Closing Thoughts on Sparkling Teas

Tea preferences are very personal. Luckily, tea is very customizable. These were my observations and preferences on ratios and brewing parameters for sparkling teas. But, you should feel free–encouraged even–to experiment and find what works best for you.

As for me, although the flavor results are more reliable with the concentrate method, I tend to gravitate toward fizzier seltzer and I really love the cold brew in seltzer method…when it works out. If you tend to prefer less bubbly seltzer, the concentrate method may be better for you. Either way, I’d love to know your favorite sparkling teas and methods! I encourage you to ask questions or share your experience in the comments.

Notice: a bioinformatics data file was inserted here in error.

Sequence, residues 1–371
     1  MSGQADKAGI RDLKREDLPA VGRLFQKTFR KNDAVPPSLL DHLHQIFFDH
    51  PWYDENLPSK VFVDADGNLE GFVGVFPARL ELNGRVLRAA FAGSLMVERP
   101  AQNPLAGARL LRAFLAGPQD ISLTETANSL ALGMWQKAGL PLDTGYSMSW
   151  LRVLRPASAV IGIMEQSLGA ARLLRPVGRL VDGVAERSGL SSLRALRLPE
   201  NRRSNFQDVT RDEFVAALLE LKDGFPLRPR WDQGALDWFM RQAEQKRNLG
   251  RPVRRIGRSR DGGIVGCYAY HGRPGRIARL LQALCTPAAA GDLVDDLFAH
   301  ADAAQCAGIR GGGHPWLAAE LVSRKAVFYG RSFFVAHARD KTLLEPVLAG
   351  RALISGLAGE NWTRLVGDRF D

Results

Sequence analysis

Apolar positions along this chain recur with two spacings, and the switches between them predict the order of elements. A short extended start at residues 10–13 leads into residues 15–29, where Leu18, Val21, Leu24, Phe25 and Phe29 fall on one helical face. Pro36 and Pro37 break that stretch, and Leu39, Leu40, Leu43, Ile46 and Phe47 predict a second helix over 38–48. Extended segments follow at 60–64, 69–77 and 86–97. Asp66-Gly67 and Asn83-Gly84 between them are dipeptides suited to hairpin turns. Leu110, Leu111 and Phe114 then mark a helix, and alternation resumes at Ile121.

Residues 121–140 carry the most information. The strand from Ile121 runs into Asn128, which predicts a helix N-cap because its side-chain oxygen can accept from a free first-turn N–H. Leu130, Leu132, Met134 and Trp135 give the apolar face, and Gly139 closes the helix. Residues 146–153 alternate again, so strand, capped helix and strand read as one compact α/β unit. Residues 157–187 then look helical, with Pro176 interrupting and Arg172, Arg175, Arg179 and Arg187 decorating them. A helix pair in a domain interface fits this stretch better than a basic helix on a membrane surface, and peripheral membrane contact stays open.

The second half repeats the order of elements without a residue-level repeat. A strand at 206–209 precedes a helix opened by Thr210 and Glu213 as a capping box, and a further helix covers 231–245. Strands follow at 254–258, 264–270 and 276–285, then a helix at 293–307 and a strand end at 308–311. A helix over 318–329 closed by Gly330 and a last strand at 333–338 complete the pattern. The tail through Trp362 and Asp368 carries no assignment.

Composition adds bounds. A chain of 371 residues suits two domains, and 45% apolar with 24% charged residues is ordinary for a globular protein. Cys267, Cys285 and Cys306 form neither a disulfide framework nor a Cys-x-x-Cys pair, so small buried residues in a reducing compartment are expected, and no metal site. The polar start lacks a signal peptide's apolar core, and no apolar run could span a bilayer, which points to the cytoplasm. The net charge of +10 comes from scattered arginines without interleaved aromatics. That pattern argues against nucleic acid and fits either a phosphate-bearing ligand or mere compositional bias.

2 replies on “How to Make Sparkling Tea from Concentrate or Cold Brewed in Seltzer”

So grateful for this post! I came back to brush up on techniques, and realized I never properly thanked you for the shoutout! It’s so helpful swapping our tea-search notes, but even more wonderful that you’ve distilled them into such a useful guide. ( pun semi-intended 😉) I’ll be using this a lot during these dog days of summer!

Ahhh. Thanks for the kind words and for letting me know it was helpful, Nicole! 🙂 –Traci